So that the pH of the system remains in the range of about 2 to 6, the OH- produced as a result of cathodic reduction of water is neutralized by continuous or intermittent addition of an acid, for example, 6M HCl or 9M HBr, to the electrolyzate. Control of pH serves to prevent formation of bromate in the electrolyzate. This may be accomplished, for example, by introduction of acid to the electrolyzate immediately after it leaves the cell, as shown in FIG. 4. A pH probe may be used to control delivery of the acid. In general, continuous or intermittent acid addition is essential for continuous systems where acid is continually withdrawn from the systems with the product; for batch systems acid addition is necessary if the pH of the system otherwise rises above about 6.

Hydrogen generated at the cathode may be vented to the atmosphere or recovered for use as a boiler fuel supplement, in hydrogenation reactions, or as a product of commerce. Before use, the hydrogen may be cooled, dried and purified in accordance with methods well known in the art.

The bromine generated at the anode may be continuously removed from the electrolyzate. Continuous withdrawal prevents the build-up of bromine product as perbromide in solution. The electrolyzate withdrawn from the cell is charged to recirculation vessel 41 which serves as a stripper pot, and recovered under negative pressure. In the stripper pot, the liquid mixture is heated to at least about 45 C., but not greater than about 95 C. In order to minimize vaporization of water and organic contaminants, the liquid mixture is preferably heated to not greater than about 60 C., most preferably to about 45 C. to about 55 C. The degree of recovery of bromine liquid per stripper batch, as a percentage of equivalent molecular bromine in the electrolyzate, is significantly influenced by the temperature at which stripping is conducted. The higher the pot temperature, the greater the fraction of water vapor in the vapor stream.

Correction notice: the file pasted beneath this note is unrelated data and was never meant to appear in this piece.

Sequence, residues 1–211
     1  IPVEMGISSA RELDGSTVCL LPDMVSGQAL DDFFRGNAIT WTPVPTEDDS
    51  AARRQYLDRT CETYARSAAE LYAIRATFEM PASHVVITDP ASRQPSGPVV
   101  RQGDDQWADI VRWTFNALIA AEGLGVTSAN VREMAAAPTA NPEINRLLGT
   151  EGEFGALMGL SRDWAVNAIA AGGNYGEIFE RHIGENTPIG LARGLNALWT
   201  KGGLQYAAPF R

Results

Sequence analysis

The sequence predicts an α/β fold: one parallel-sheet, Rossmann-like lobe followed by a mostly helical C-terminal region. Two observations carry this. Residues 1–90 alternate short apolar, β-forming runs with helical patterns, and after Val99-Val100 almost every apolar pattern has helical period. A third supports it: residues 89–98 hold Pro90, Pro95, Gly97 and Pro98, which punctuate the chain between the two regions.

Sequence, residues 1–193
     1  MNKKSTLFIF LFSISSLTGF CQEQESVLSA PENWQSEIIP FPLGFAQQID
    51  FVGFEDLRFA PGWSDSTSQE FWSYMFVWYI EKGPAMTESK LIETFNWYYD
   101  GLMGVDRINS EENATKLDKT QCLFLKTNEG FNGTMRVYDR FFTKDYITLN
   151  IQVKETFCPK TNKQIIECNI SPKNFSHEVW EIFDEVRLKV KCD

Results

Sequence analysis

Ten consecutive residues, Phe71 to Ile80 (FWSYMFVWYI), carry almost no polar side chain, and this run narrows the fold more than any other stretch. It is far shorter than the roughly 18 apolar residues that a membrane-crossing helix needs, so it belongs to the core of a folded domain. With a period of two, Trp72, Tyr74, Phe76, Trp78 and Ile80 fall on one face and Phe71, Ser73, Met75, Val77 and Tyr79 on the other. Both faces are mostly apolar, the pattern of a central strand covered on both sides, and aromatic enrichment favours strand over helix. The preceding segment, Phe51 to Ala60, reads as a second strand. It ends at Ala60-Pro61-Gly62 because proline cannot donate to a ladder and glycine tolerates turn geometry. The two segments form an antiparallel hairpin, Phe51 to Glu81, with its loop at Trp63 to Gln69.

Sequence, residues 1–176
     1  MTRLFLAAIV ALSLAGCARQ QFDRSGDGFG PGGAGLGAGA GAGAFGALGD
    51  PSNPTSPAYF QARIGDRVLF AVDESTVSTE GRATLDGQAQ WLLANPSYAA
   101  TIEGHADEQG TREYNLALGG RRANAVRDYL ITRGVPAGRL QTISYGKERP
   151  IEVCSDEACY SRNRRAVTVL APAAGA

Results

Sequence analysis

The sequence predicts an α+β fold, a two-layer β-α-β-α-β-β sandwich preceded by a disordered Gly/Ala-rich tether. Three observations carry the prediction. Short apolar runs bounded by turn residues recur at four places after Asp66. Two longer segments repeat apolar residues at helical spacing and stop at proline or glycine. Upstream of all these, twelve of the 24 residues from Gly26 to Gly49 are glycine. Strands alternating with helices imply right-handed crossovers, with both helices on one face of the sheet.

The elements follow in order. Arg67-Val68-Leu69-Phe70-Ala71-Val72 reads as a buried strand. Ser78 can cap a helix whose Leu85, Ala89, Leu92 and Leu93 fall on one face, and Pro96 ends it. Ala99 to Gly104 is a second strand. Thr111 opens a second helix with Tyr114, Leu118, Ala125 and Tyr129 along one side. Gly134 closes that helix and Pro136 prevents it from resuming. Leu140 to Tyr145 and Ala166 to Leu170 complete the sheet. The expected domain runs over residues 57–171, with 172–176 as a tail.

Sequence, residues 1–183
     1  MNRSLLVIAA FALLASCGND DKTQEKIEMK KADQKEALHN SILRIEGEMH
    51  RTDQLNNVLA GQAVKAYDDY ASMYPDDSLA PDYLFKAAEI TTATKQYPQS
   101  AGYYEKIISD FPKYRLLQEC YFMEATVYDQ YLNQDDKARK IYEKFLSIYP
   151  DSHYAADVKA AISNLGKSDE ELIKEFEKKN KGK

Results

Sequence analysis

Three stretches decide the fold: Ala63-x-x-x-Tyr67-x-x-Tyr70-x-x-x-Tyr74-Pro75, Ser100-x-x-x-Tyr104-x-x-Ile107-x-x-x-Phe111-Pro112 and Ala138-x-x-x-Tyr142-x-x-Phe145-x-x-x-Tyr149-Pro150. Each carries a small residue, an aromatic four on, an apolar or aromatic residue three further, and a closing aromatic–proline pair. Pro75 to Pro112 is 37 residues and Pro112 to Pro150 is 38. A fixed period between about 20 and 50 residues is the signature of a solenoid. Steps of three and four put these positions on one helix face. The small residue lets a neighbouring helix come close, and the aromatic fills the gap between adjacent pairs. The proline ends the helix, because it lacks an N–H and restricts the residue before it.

A vacuum is applied to the stripper between about. 2 and about 24 in Hg vacuum. To aid in the stripping process, air or inert gas, preferably nitrogen may be sparged into the solution in the stripper. In continuous stripping, the equivalent molecular bromine concentration at the discharge of the column is between about 0.12% and about 1.0%, preferably between about 0.2% and about 0.8%, by weight. Bromine vapor and a modest amount of water vapor are removed from the liquid phase during stripping. The vapor stream is condensed in condenser 5 at a temperature of about 5 to 20 C. under essentially the same pressure as the head of the stripper.

In addition to the benefit in Br2 recovery, operation of the stripper under vacuum provides safety, energy savings, and environmental benefits. Maintenance of negative pressure in the vapor streams insures against leaks of bromine gas to the surroundings. Liquid drained from the condenser is pumped to storage under positive pressure. However, control of leaks in the liquid phase system is generally more manageable than control of leaks through an entire positive pressure system.

Bromine-laden vapor leaving the recirculation vessel may be condensed to produce a liquid bromine product stream. Since essentially all the water vapor must be condensed in the course of condensing the bromine vapor, and because the water phase is essentially saturated with bromine, a high water content of the stripper vapor results in partitioning a significant portion of the elemental bromine to the water phase and consequent recycle to the stripper pot. By operating the stripping column under vacuum at a low temperature, the process of the invention provides a vapor stream with a minimal water content, resulting a high yield of bromine liquid. Such conditions may also tend to inhibit the formation with a sludge or residue from the organic contaminants.